The most recent issue of Catholic Biblical Quarterly has the following article:
Jerome H. Neyrey. "Syncrisis and Encomium: Reading Hebrews through Greek Rhetoric." Catholic Biblical Quarterly 82.2 (April 2020): 276–99.
Abstract: "Although the use of rhetoric to interpret NT texts, even Hebrews, is hardly new, here I employ an unfamiliar, and so unused source of Greco-Roman rhetoric, the progymnasmata (preliminary rhetorical exercises). They provide excellent examples of genres that form the skeleton and substance of the argument in Hebrews." These progymnasmata consisted of twelve to sixteen exercises of increasing difficulty, among which I focus on "comparison" (σύγκρισις) and "encomium" (ἐγκώμιον). Progymnastic rhetoric states that "comparison" are made out of the "headings' of the "encomium." Thus, one comparison is in fact two encomia, for example, Jesus and Israelite priests, each figure described according to traditional encomiastic patterns."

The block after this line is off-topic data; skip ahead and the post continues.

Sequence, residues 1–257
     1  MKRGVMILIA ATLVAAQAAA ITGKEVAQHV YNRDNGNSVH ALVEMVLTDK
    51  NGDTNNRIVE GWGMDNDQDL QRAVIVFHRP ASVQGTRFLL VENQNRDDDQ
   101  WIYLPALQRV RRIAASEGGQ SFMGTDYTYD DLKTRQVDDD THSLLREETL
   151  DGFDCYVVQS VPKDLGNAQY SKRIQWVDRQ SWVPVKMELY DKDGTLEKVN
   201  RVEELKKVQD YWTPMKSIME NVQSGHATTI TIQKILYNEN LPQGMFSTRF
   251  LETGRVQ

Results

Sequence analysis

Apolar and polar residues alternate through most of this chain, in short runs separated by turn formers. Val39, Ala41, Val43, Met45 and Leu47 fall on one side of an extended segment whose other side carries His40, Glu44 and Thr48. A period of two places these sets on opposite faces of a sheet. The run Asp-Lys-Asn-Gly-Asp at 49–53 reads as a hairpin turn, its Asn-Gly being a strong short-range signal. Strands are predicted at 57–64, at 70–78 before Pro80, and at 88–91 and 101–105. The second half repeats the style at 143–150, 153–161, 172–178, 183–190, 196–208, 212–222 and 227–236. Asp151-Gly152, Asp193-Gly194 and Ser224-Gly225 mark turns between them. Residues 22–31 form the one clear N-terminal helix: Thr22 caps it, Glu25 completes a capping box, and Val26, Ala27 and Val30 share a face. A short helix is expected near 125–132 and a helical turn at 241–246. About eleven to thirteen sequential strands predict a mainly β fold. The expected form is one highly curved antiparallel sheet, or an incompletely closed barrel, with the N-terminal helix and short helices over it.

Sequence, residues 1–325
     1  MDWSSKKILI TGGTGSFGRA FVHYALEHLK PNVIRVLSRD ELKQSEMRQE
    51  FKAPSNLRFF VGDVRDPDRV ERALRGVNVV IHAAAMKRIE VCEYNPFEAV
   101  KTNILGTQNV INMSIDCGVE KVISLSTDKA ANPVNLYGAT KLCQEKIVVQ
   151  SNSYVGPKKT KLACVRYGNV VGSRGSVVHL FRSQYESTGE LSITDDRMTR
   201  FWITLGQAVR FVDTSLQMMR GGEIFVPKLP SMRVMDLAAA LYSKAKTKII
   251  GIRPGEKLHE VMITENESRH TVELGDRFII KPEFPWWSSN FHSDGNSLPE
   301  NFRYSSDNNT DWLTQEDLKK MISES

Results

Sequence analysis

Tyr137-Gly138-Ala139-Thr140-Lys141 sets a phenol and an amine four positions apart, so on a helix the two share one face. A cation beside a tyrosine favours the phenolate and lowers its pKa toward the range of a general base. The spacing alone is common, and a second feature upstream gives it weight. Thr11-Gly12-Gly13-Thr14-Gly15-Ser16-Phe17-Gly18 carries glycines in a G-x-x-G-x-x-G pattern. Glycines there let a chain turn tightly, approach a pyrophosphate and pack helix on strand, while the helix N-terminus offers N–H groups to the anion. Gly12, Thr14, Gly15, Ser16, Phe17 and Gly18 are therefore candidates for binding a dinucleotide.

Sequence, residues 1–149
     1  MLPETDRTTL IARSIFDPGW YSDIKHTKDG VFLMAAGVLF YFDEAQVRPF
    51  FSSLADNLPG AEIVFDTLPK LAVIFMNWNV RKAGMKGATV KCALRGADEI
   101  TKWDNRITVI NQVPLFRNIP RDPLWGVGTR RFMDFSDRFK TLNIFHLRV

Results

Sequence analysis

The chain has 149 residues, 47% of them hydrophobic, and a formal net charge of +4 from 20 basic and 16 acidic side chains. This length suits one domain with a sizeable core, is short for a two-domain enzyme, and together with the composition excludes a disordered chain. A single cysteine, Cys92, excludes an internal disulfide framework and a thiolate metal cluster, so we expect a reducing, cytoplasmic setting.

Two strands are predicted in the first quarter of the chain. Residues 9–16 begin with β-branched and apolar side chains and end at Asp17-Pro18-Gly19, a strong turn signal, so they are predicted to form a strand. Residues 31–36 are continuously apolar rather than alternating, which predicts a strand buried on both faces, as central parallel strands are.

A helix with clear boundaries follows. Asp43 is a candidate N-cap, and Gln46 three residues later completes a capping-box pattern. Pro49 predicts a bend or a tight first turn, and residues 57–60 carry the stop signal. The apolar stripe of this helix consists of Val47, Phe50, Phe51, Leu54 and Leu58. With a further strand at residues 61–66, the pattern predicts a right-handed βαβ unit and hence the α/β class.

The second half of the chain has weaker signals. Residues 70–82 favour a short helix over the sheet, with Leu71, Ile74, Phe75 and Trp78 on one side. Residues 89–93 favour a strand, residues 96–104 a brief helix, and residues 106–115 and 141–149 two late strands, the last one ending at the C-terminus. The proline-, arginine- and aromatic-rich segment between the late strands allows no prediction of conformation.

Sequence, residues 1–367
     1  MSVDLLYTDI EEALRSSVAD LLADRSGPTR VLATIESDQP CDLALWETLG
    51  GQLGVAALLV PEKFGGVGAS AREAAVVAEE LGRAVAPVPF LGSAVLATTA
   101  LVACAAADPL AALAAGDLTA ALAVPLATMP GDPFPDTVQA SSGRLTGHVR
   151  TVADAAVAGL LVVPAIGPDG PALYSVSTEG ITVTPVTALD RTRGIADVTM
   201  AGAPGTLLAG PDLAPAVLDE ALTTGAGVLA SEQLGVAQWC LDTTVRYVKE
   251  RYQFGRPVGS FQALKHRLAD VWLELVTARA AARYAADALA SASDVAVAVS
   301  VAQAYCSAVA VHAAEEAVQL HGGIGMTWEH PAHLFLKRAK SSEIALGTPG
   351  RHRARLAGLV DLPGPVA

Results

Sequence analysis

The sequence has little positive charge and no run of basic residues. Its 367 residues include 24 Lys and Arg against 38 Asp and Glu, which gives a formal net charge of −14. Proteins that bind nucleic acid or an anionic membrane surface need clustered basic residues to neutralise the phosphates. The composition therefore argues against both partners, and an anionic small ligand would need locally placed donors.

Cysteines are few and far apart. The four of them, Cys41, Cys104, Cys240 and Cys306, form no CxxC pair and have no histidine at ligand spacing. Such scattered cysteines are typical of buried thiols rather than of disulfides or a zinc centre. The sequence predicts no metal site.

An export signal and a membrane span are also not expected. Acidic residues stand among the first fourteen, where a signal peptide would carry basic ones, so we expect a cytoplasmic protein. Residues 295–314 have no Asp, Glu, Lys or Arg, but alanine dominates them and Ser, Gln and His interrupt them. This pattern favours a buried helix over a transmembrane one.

Neyrey claims that hardly anyone has applied the progymnastic exercises of encomium and syncrisis to the Book of Hebrews. He only cites C. F. Evans' slender monograph, The Theology of Rhetoric: The Epistle to the Hebrews. In fact, I deal at length with the progymnastic exercises of encomiastic topics and syncrisis in my monograph, The Characterization of Jesus in the Book of Hebrews. Moreover, Michael Martin and Jason Whitlark deal with syncrisis at length in structuring Hebrews' argument in Inventing Hebrews: Design and Purpose in Ancient Rhetoric. So, in fact, there has been more work done applying the progymnastic exercises of encomium and syncrisis to Hebrews than Neyrey gives credit for in his article. This is a surprising oversight from a scholar of the caliber of Neyrey.